Documentary Film: UNITY
Documentary Film: UNITY, 2015 (Trailer)
The documentary film UNITY was released last night—for one night only—in a thousand theaters worldwide. Audiences experienced the rare opportunity to be transformed by its compelling message of change from “Living by killing” to “Living by loving.” The film advocates that it’s time for us to live fully conscious lives of compassion that embraces all living beings, not only some.
The opening scene set the powerful tone of the film. Two frantic, terrorized cows are trapped in a holding pen before the doors open to the slaughterhouse floor. One cow is forced to go through the doors, leaving the other behind, alone. The cow left behind exhibits sheer panic, terror and overwhelming fear at what it senses is about to happen. It helplessly paces back and forth, trapped in the holding pen as it tries to escape. It waits in complete terror sensing and knowing something terrible is beyond the doors. Time slows down as we uncomfortably watch the cow’s suffering and anguish. “Consciousness is when we feel the suffering of every living creature in our own hearts,” the narrator says as the cow frantically waits. The film asks us, why do we see opposites in one another? Why do we see animals as opposites or somehow different from us that allows us not to see and feel their suffering, their anguish, their torment? Why do we ignore their suffering? If we are living, conscious beings as they are, how can we cause other beings to suffer so deliberately and cruelly at our own hands and choices? UNITY asks us to change our current way of thinking that is based on our “separation from other beings and non-human animals,” and our “disconnection from other beings” as well as our “perceiving opposites” in others including non-human animals. The film points out that this way of thinking has been our excuse for hundreds of years of chronic violence, wars, systemic killing and suffering—both human and animal. The central message is, “We’re not the same, but we’re equal.”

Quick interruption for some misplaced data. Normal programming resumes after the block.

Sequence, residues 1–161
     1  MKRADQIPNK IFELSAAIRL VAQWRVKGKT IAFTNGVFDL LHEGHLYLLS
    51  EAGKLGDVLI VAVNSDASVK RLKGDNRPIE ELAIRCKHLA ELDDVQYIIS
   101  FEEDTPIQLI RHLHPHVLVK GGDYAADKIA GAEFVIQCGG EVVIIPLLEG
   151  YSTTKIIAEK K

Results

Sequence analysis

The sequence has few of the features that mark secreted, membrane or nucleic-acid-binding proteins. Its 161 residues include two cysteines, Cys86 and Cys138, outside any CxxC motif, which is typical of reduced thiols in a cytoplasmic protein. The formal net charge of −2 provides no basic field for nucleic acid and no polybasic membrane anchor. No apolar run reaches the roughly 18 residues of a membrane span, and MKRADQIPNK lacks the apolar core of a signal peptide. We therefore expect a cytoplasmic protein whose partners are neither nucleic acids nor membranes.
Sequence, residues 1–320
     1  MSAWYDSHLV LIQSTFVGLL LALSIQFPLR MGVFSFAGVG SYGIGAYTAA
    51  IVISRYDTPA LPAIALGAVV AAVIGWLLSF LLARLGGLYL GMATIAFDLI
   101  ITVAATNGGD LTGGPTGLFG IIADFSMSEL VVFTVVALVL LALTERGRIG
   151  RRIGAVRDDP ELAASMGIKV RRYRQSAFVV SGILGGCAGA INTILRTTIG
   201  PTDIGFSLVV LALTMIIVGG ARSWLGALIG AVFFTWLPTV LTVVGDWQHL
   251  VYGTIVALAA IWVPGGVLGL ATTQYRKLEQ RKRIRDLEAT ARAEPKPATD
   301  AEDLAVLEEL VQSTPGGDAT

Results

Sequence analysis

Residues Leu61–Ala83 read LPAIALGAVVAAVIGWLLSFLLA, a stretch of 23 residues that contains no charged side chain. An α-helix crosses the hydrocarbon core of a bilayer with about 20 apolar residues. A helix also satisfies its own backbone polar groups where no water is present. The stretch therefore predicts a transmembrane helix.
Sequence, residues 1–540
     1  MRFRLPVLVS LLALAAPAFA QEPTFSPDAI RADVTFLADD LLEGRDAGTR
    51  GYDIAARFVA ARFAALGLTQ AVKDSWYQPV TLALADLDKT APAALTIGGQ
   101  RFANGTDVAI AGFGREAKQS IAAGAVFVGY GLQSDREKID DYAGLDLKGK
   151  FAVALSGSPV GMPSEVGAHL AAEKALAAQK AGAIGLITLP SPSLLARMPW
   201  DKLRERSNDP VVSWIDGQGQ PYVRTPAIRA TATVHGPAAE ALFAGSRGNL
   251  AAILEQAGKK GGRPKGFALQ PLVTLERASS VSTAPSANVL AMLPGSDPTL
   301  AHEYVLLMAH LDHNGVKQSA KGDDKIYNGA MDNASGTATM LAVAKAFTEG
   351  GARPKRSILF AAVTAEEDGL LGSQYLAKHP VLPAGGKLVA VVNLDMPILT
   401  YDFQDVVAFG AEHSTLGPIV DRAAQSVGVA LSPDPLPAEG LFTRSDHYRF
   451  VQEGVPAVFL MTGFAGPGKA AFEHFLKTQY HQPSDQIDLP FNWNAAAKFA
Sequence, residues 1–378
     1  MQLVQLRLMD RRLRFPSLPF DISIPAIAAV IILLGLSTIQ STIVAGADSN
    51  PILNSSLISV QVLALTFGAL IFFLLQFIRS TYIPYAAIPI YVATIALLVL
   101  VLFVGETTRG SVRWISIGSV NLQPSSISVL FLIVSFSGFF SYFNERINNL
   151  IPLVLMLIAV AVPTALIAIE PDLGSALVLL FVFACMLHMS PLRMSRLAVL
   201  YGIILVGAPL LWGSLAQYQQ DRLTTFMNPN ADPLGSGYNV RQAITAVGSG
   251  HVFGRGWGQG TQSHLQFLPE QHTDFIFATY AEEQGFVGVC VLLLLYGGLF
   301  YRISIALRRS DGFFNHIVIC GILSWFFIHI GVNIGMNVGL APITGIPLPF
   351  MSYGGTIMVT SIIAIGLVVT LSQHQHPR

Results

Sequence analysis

The film posits that humans have become so preoccupied with the “externalization of our lives”—with our obsession to dominate, to control, to rule over, to win, to impress, and to look better than others—but at the expense of what? And at whose expense? Who suffers the most as a result of this constant domination? The domination comes at the expense of all beings—animal and human. The film poses the question, “How can we find pleasure in contributing to so much bloodshed, so much suffering, so much killing and slaughter?” We each individually contribute to this suffering through the products we buy, our unconscious, engrained habits, and the way we live our lives. If we truly are what we eat, why “do we eat in such a way that doesn’t cleanse, but rather pollutes the human body?” Why do we eat a diet that causes disease, chronic illness, clogged arteries, arteriosclerosis, heart disease, strokes and premature death from animal fat and meat? Why do we eat the suffering, anguish, pain, torment, and grief that comes from eating animals?
The film points out that wild animals that are herbivores generally experience no chronic and acute disease like meat-eating humans do. At one point, the filmmakers visit a hospital operating room and show a heart by-pass surgery close-up with clogged arteries caused by years of eating animal fat. It visually underlines the link between heart disease and eating animal products. The irony pointed out by the movie is “because we eat animals—they end up ultimately killing us.”